Eighteen days of protests against the cost of living of indigenous Ecuadorians, blocking roads and oil wells, have cost the country at least $1 billion, the central bank said Monday as the leader of the movement stood trial.
Of the total losses, more than three quarters were in the private sector and the rest in the state, particularly the all-important oil sector, Central Bank Governor Guillermo Avellan told broadcaster Teleamazonas.
The protests, which halted production at more than 1,000 wells, resulted in Ecuador’s oil production being more than halved from about 520,000 barrels a day, according to the government.
As of Sunday, three days after the government and protest leaders signed an agreement to end the crippling standoff, production had recovered to 461,600 barrels a day.
Crude oil is Ecuador’s largest export.
Protest leader Leonidas Iza, chairman of the powerful Confederation of Indigenous Nationalities (Conaie), made his first appearance in a court in the city of Latacunga on Monday.
He was arrested on the second day of the protests and held for 24 hours before being released pending trial over the illegal road closures.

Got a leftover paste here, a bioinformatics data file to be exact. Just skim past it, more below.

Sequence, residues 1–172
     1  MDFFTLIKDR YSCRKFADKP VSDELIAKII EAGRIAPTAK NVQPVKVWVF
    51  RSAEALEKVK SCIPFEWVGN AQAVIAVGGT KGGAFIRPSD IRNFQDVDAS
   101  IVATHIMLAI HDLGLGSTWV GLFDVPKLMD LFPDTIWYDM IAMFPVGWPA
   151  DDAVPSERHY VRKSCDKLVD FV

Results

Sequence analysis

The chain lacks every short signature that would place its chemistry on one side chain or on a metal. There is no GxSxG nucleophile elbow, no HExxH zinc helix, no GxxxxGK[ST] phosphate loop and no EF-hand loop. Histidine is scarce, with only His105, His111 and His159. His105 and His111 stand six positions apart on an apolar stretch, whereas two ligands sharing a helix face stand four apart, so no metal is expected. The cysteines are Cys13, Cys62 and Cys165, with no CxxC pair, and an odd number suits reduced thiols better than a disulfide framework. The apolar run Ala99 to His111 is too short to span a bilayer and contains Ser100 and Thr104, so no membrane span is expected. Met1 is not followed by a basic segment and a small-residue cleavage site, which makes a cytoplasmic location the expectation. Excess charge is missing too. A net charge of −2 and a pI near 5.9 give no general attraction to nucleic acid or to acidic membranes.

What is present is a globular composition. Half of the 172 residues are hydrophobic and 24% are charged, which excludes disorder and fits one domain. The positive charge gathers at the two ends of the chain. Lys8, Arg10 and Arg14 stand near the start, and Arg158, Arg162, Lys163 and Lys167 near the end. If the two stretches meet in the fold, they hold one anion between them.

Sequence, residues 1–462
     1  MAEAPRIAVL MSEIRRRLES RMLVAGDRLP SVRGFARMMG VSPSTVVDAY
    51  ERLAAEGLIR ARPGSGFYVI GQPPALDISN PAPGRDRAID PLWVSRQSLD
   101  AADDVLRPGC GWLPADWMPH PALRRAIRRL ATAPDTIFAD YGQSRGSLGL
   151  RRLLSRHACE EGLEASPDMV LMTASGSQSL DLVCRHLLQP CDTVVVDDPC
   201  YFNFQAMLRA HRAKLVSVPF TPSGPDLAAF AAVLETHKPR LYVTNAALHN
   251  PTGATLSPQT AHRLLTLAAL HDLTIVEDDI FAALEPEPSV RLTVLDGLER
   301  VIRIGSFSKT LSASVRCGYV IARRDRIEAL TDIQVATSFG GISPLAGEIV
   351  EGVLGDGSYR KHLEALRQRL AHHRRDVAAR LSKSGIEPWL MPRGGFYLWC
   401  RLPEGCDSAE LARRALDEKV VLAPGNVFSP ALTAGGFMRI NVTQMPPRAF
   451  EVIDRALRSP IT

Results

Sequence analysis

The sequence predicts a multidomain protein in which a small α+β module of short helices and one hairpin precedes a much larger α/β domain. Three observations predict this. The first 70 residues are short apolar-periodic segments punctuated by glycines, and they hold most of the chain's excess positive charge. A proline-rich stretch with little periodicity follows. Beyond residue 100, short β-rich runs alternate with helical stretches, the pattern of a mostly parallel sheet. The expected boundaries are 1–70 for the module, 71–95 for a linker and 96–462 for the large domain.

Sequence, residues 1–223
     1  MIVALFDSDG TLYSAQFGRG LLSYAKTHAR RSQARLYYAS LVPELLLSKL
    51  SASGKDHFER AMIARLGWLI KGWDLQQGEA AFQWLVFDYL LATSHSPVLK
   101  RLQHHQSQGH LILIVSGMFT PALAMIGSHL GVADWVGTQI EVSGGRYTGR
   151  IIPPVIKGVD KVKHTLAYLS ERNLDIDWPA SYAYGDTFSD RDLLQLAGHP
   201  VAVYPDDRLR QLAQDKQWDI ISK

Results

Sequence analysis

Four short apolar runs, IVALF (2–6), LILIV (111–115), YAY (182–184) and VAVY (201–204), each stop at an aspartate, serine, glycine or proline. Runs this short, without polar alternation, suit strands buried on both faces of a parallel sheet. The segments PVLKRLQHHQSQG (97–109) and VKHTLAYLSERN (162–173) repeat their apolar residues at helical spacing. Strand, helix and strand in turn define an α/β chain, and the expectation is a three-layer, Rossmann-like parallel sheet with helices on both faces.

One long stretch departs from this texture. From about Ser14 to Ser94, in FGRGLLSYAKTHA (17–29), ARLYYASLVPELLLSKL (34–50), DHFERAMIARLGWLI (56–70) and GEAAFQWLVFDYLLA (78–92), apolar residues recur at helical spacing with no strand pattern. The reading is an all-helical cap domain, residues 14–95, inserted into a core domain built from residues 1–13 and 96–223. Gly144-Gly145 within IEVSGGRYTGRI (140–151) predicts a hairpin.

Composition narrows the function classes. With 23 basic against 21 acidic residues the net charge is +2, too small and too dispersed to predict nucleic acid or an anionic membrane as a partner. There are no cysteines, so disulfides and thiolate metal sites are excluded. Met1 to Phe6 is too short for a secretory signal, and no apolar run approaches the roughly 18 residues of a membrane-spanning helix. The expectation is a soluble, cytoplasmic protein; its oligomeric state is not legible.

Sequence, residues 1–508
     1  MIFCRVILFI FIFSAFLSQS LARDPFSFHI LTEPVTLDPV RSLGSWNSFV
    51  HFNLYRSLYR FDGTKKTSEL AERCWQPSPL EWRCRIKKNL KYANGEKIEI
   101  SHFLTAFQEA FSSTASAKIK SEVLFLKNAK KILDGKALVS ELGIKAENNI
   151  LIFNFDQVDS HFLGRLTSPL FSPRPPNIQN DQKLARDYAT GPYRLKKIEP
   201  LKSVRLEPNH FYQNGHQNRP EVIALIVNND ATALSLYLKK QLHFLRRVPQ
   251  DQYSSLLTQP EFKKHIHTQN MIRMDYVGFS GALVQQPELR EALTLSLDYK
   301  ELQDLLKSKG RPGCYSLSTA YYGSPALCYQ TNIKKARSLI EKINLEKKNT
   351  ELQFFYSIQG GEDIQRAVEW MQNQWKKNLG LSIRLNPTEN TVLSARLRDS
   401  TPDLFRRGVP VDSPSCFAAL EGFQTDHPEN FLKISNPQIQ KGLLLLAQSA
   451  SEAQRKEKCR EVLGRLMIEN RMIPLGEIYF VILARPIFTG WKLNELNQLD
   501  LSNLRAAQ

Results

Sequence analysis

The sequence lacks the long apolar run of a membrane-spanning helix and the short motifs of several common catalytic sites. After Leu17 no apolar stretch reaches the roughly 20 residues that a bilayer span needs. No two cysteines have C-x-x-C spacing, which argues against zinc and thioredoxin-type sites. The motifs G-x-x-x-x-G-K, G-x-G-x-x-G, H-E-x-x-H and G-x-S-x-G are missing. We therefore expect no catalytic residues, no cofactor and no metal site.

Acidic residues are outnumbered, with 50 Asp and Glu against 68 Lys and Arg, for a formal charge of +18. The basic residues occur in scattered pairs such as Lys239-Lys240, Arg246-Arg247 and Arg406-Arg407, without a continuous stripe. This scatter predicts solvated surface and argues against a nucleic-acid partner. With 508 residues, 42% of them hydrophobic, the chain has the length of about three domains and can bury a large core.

The charge of paralyzing a public service is punishable by up to three years in prison.
An estimated 14,000 Ecuadorians took part in a mass demonstration of discontent – most of them in Quito – against the mounting hardship in an economy that had been hit hard by the coronavirus pandemic.
The protest was called by Conaie, who is credited with unseating three presidents between 1997 and 2005.
Last Thursday, the government and protest leaders signed an agreement to end the sometimes violent demonstrations that have left six dead and more than 600 injured.
The government agreed to cut already-subsidized fuel prices by up to eight percent – less than the 21 percent cut protesters were seeking but enough to persuade them to leave the streets, where many manned burning roadblocks had.
Avellan said the increased fuel subsidy will cost the state about $3 billion a year.
The government had also increased a monthly aid payment to the country’s poorest residents, stopped repaying small bank loans from rural Ecuadorians and agreed to review certain mining activities in indigenous areas.
Before the riots, Avellan said, the central bank expected to raise its economic growth forecast for 2022 to the current 2.8 percent.
Raul Ilaquiche, a lawyer for Iza, told AFP that his trial would last several days and would require several witnesses to be summoned.
Around 2,000 Iza supporters gathered near the courthouse, which was cordoned off by metal fences and police, community officials said.
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